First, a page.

(SemiEngineering) One of the biggest challenges for quantum computers is error correction, which protects calculations from degradation due to noise. The most promising approach to quantum error correction requires multiple copies of the data, with hundreds or even thousands of physical qubits for each logical qubit. Semiconductor manufacturing is perhaps the only mature technology that can produce millions of nearly identical nanometer-scale structures that will be needed by quantum computers. So even though electron spin-based silicon qubits are relative newcomers — they were first demonstrated in 2012 — silicon appears prominently in lists of candidate quantum computing technologies.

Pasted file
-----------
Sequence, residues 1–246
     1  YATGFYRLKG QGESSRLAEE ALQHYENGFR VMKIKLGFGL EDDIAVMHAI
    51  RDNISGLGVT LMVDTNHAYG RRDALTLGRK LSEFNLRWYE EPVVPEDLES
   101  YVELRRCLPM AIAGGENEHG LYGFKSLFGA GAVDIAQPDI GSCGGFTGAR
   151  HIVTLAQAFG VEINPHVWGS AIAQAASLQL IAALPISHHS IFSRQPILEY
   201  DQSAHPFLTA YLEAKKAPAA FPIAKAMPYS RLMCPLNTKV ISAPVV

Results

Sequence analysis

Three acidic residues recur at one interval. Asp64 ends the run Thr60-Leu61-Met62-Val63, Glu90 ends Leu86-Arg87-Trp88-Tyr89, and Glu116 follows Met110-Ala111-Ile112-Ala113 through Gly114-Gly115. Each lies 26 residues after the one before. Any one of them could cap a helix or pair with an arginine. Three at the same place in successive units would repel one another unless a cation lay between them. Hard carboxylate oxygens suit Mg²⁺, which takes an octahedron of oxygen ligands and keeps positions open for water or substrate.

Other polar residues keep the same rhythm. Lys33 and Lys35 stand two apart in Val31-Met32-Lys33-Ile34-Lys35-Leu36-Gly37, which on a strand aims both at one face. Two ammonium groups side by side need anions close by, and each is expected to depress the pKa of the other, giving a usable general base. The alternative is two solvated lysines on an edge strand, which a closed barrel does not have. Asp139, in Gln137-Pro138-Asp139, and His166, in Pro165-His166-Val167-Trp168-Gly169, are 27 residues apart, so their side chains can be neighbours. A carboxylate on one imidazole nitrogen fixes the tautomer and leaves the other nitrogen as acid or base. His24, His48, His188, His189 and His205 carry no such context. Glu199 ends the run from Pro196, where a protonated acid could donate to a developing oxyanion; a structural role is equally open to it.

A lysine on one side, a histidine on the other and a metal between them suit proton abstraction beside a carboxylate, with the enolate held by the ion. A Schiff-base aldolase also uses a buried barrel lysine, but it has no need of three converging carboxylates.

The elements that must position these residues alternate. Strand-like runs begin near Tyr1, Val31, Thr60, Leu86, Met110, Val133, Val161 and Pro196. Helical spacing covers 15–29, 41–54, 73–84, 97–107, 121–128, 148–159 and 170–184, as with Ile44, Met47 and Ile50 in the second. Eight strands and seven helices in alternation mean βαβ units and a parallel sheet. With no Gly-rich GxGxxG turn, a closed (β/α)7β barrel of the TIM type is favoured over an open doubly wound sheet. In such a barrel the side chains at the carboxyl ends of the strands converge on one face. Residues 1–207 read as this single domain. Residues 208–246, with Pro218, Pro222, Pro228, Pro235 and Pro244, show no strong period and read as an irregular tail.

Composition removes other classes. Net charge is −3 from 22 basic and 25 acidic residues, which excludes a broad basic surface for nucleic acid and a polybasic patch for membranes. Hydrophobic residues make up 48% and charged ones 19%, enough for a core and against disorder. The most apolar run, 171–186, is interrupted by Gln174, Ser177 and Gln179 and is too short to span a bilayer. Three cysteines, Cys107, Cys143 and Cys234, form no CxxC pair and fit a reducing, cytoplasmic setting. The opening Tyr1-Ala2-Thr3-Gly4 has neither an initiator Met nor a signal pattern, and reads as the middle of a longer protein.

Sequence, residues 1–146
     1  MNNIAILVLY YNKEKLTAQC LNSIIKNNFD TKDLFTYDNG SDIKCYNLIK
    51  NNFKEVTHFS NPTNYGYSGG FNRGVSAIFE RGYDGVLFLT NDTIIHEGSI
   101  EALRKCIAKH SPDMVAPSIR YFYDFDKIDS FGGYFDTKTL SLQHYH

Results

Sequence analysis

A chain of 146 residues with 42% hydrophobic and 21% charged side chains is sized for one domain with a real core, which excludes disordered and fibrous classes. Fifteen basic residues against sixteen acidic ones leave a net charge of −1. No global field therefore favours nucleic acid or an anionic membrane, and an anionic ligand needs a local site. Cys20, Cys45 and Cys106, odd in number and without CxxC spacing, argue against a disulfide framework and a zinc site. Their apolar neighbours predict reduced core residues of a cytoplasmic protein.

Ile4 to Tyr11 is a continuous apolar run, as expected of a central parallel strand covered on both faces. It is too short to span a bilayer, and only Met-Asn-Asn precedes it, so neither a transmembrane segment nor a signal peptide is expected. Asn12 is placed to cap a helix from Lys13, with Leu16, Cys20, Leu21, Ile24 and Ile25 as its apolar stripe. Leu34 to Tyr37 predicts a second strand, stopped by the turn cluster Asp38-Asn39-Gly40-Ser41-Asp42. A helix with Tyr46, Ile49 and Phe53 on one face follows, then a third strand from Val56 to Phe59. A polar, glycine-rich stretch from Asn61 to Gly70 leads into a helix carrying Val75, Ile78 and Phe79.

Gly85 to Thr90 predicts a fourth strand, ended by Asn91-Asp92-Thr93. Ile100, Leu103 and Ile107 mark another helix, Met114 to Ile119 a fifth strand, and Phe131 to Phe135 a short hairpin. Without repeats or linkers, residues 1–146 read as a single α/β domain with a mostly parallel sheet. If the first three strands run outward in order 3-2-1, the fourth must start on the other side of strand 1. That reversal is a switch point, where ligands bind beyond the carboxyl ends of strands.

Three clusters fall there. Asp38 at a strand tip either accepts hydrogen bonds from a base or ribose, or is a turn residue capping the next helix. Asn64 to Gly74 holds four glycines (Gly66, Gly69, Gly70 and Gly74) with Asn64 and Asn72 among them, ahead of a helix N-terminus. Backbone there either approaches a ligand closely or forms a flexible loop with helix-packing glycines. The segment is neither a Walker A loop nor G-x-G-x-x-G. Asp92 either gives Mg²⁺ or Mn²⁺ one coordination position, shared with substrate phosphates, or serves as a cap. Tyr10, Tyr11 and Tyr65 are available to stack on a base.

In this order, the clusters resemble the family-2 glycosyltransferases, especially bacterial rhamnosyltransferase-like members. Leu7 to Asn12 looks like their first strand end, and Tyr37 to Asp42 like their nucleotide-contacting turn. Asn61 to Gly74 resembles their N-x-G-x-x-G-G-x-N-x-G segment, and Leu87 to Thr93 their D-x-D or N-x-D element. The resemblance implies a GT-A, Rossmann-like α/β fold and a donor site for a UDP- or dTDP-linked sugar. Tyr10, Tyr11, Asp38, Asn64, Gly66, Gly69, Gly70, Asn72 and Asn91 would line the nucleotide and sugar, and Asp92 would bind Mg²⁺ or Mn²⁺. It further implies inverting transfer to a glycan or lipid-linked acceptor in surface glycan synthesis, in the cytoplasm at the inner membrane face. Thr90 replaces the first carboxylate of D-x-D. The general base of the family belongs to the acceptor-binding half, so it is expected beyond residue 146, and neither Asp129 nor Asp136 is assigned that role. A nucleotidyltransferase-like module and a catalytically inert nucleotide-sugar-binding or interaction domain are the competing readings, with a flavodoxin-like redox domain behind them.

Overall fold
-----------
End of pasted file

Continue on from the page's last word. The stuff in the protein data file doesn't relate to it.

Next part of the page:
Ravi Pillarisetty, senior device engineer in Intel’s Components Research group, recently made a forceful argument for the superior scalability of silicon qubits. For scalability, Pillarisetty said, silicon qubits need to be made with 28Si, and they need to be fabricated on 300-mm wafers with factory-grade equipment.
The article concludes with this caution: In the late 1950s, the first integrated circuit designs were just starting to emerge. It wasn’t yet clear whether silicon or germanium was a better device material. That’s about where quantum computers are today. Manufacturable qubit integration schemes are just starting to emerge.

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